The author argues, rightly, that the idea that human prosperity could be created and managed is a relatively new one. Before the mid-nineteenth century most assumed that the vast bulk of humanity was destined to live in poverty and squalor and that there was not much that could be done about this. But during this era, a group of scholars including Marx, Engels, and Schumpeter emerged and contended that the lives of human beings could be improved through the proper management of the economy. Nasar retells how difficult economic circumstances have been at certain points in world history and looks at the efforts of leading economists to contribute to prosperity during their respective eras. In Nasar's broad survey we encounter many of the best-known economists of the past 150 years and learn about their personal lives, their contributions to the discipline, and how they tried to influence policy. Throughout her skillfully constructed narrative, Nasar demonstrates a remarkable grasp of the major ideas of almost every major economist that readers could think of. She describes the importance of John Maynard Keynes, Beatrice Potter Webb (the inventor of the idea of the welfare state), Milton Friedman and Amartya Sen among others both to the discipline of economics and to policy making. In this sense, the book is probably the most comprehensive history of its kind.
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Format: Hardcover Verified Purchase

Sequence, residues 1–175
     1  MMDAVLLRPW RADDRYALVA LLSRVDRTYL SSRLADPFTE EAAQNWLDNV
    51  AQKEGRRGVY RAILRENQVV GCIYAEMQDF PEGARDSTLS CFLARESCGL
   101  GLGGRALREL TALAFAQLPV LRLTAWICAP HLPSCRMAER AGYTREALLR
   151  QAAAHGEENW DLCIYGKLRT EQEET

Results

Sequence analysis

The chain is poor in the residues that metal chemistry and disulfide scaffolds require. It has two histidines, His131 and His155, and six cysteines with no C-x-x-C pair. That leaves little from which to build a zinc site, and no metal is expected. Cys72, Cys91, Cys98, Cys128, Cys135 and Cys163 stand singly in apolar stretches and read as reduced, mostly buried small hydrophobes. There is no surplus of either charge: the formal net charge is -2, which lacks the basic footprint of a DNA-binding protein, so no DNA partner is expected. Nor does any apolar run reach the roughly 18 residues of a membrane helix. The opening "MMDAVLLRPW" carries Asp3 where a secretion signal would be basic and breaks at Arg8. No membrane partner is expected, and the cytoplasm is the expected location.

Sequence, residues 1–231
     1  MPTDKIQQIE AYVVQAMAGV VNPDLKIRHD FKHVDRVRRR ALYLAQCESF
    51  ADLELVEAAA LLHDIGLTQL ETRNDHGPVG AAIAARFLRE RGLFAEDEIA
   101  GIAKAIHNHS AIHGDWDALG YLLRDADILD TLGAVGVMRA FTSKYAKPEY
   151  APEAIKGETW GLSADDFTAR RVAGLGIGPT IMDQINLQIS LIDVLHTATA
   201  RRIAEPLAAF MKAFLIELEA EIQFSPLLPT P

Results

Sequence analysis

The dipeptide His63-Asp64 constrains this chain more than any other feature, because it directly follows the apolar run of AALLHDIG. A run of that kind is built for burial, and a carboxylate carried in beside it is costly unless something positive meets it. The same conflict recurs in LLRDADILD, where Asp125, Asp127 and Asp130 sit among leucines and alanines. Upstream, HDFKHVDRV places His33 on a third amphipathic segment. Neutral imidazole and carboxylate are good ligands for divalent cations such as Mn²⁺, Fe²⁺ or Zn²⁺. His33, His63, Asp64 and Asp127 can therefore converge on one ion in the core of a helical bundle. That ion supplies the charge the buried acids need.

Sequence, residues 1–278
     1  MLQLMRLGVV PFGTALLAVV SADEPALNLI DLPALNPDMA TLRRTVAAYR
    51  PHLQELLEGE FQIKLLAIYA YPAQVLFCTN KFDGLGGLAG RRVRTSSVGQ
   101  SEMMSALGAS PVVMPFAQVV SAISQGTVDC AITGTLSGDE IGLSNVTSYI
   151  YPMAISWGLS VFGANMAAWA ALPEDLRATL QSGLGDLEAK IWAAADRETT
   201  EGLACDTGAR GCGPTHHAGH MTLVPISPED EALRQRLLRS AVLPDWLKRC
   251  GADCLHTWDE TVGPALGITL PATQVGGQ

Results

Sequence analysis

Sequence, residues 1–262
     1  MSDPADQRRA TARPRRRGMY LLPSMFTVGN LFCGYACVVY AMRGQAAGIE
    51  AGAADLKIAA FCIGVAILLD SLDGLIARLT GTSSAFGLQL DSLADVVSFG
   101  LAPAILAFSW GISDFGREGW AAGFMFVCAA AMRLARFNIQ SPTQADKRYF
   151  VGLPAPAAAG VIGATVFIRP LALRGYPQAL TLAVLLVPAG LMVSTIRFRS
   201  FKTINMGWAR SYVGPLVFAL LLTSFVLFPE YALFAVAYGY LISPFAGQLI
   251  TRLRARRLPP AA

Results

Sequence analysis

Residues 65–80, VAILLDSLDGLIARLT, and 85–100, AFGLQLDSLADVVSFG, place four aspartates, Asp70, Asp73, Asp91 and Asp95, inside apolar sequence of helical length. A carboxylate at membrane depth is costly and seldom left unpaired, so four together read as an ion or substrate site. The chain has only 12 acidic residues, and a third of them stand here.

I liked the concept behind "The Grand Pursuit." Economic science has been increasingly under attack in recent years, so I'm pleased that Sylvia Nasar provided a mass-marketed perspective on the value of economic thought from the mid-19th century onwards. This book, or one like it, should be read by anyone who takes for granted modern economic growth and the ideas that helped make it possible. Yet the book is too much hodgepodge. Nasar's choices of which economists to portray and what aspects of their lives to profile seems arbitrary. She spices up the material by grouping it together in three acts - Hope, Fear, and Confidence - but such framing is no substitute for deeper care in the selection and organization of the material.

The organization is more like a sandwich than a 3-act play: the first five and last three chapters profile individual economists, while the meat of the story is the middle 10 chapters, portraying the interaction between economists like Fisher, Keynes and Hayek both between the World Wars and in the aftermath. The heroes of the early chapters like Marshall had less direct role in policy, but their ideas were crucial to shaping our understanding of the world.